2010 NBA Draft: Five Teams That Will Make a Trade
The NBA Draft is always littered with a bevy of trade activity throughout the night.
Some picks are traded for cash, others for players, and some pick-for-pick.
This year, expect even more than the usual. With such a large free agency class ready to hit the market, teams will be doing everything possible to improve.
Some teams will be looking to dump players that no longer fit and others to make their big splash, with free agency not an option.
These are the teams...
No. 5: San Antonio Spurs (Pick No. 20, 49)
The San Antonio Spurs still have a little left in the tank, but not much.
A great era of Spurs basketball is slowly coming to a close.
The Richard Jefferson experiment failed miserably. An overall aura surrounded the team—it just felt like something was missing all year long.
This is not a team at the desperate level; they have two options.
Either make a move, hoping once again that all they need is one more compliment, or start the tear down.
Tony Parker is the most likely big-name trade candidate in the latter case. With George Hill, the team feels they have a replacement, at the very least. While Hill may not ever reach Parker's peak level, he can contribute with solid defense and good surroundings.
Once the team re-signed Manu Ginobili, Parker became the most likely player to be expendable. His contract is up after next season and the team can't afford him beyond this year.
Of course, they would love it if anyone would be willing to afford them a mulligan by taking Richard Jefferson off their hands.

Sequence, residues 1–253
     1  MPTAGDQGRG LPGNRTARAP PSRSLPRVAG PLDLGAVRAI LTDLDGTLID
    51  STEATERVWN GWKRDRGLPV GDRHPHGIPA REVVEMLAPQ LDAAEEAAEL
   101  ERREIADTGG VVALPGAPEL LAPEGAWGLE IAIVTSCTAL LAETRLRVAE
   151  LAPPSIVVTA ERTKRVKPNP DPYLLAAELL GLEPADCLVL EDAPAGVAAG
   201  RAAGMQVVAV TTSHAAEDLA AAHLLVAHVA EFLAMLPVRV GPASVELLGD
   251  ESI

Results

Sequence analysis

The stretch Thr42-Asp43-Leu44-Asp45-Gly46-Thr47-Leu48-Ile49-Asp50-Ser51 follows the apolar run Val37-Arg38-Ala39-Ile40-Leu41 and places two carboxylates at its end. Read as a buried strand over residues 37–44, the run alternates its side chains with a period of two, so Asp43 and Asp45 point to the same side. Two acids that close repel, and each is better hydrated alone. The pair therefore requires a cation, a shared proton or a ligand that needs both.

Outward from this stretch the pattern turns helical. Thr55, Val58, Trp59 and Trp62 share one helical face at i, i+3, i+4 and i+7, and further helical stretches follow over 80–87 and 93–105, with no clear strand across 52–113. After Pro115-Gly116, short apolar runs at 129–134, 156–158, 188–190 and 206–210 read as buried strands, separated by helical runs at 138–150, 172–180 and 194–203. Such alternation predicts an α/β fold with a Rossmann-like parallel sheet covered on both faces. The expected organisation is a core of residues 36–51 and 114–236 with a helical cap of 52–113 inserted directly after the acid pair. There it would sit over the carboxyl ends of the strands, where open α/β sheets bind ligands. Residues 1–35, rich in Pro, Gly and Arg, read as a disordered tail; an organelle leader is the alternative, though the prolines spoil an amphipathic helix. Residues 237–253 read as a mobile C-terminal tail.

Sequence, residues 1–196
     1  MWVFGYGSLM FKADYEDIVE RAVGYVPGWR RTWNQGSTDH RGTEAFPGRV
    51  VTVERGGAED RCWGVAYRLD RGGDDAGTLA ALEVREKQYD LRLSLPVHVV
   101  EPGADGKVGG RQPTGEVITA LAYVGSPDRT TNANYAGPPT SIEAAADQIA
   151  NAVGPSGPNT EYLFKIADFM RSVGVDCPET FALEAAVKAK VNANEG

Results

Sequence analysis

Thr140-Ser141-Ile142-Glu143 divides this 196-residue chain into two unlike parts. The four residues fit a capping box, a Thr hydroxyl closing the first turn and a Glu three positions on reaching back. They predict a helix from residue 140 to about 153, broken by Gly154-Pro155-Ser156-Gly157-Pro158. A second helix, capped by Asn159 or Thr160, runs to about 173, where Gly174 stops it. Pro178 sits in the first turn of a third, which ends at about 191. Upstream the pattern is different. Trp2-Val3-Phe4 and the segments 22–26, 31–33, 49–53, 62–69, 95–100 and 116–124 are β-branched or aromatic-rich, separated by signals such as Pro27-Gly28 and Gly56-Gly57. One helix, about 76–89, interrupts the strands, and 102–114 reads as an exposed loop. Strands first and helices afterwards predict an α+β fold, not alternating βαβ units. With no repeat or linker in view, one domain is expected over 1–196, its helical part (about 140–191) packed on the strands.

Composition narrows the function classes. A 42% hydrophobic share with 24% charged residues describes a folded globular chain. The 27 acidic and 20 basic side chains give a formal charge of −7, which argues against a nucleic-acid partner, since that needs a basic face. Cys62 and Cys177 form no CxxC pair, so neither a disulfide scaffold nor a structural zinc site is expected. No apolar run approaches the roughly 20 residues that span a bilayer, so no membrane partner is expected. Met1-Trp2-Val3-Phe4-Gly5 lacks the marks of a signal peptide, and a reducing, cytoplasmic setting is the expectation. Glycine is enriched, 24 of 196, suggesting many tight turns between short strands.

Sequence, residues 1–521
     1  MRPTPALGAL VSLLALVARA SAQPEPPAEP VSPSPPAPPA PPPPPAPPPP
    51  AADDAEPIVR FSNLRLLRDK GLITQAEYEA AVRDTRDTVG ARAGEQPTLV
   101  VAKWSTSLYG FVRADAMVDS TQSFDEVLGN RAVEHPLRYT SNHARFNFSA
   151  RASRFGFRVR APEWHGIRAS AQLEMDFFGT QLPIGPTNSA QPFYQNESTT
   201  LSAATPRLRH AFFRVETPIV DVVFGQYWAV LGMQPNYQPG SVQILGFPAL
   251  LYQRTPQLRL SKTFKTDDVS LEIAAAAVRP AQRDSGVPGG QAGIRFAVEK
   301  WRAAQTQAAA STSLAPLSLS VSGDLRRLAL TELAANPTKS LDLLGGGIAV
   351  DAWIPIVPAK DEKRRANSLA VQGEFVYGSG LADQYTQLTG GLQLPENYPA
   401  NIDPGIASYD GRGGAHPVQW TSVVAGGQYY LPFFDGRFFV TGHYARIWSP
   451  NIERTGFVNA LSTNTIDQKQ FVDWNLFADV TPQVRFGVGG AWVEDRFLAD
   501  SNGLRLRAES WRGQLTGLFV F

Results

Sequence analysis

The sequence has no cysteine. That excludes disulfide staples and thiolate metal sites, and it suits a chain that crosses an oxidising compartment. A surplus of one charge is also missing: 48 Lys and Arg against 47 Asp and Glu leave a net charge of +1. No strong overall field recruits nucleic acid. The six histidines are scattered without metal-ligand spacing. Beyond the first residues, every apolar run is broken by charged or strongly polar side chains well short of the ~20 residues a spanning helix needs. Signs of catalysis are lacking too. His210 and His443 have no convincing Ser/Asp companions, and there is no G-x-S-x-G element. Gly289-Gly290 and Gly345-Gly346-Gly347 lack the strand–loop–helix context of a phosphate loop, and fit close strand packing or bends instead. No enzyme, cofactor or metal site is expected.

As for the big men, Tim Duncan isn't going anywhere. But that No. 20 pick is too far back in the draft to get him the compliment he needs. Antonio McDyess can still give solid moments, but he isn't what Duncan needs.
If the Spurs can get anywhere from the 7-14 range, they will jump at the opportunity.
Cole Aldrich, Ed Davis, Ekpe Udoh, Hassan Whiteside, Greg Monroe, or any other big man to help Duncan would be ideal.
Wouldn't the Spurs love to find a new big man, just like they did with Duncan as David Robinson began his ride into the sunset...
If they can't move up, look for the Spurs to do what they always have—gather a bunch of second round picks.
From there, they'll make teams regret not picking those players earlier, and grab a few Europeans slated to appear in 2014.
No. 4: Toronto Raptors (Pick No. 13)
Let's be honest, nobody wants to be in Toronto next year.
Hedo Turkoglu wants out after a year.
Chris Bosh will be nice enough to re-sign so they can trade him.
Jose Calderon has been rumored to be on the move since January.
And as a whole, the team is made up of a lot of underachieving, journeymen players.
Toronto is about to have a lot of needs, and with only one draft pick they must either make it a great one by trading up, or move back to accumulate more picks.
With both Jarrett Jack and Calderon as solid enough point guards to run a team, one of them is expendable. From there, Toronto needs to rebuild the middle of the lineup.
The Raptors could use a compliment to their 7'0" small forward, Andrea Bargnani. They could use a true shooting guard or small forward, someone like an Evan Turner to fill some voids.